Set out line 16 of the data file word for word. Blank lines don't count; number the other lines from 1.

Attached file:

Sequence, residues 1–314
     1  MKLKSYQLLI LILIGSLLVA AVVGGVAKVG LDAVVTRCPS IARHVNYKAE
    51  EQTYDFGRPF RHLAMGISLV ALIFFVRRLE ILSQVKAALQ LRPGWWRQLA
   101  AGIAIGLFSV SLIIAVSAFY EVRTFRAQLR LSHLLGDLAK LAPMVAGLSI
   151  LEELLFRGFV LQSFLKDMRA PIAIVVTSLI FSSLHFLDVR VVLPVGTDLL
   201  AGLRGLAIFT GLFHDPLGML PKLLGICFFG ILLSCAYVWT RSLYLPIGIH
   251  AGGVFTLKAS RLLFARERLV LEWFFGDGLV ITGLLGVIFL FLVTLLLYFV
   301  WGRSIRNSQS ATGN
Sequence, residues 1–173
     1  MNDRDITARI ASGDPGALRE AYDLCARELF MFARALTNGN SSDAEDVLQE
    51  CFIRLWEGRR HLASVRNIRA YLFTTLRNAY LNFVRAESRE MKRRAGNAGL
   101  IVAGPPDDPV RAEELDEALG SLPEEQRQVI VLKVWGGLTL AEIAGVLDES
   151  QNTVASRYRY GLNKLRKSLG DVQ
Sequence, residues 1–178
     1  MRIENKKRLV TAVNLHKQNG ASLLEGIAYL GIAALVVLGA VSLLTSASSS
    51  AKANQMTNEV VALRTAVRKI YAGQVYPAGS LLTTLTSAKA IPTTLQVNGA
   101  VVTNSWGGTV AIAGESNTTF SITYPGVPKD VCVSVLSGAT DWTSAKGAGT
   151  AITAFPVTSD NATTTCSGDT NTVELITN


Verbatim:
    51  AKANQMTNEV VALRTAVRKI YAGQVYPAGS LLTTLTSAKA IPTTLQVNGA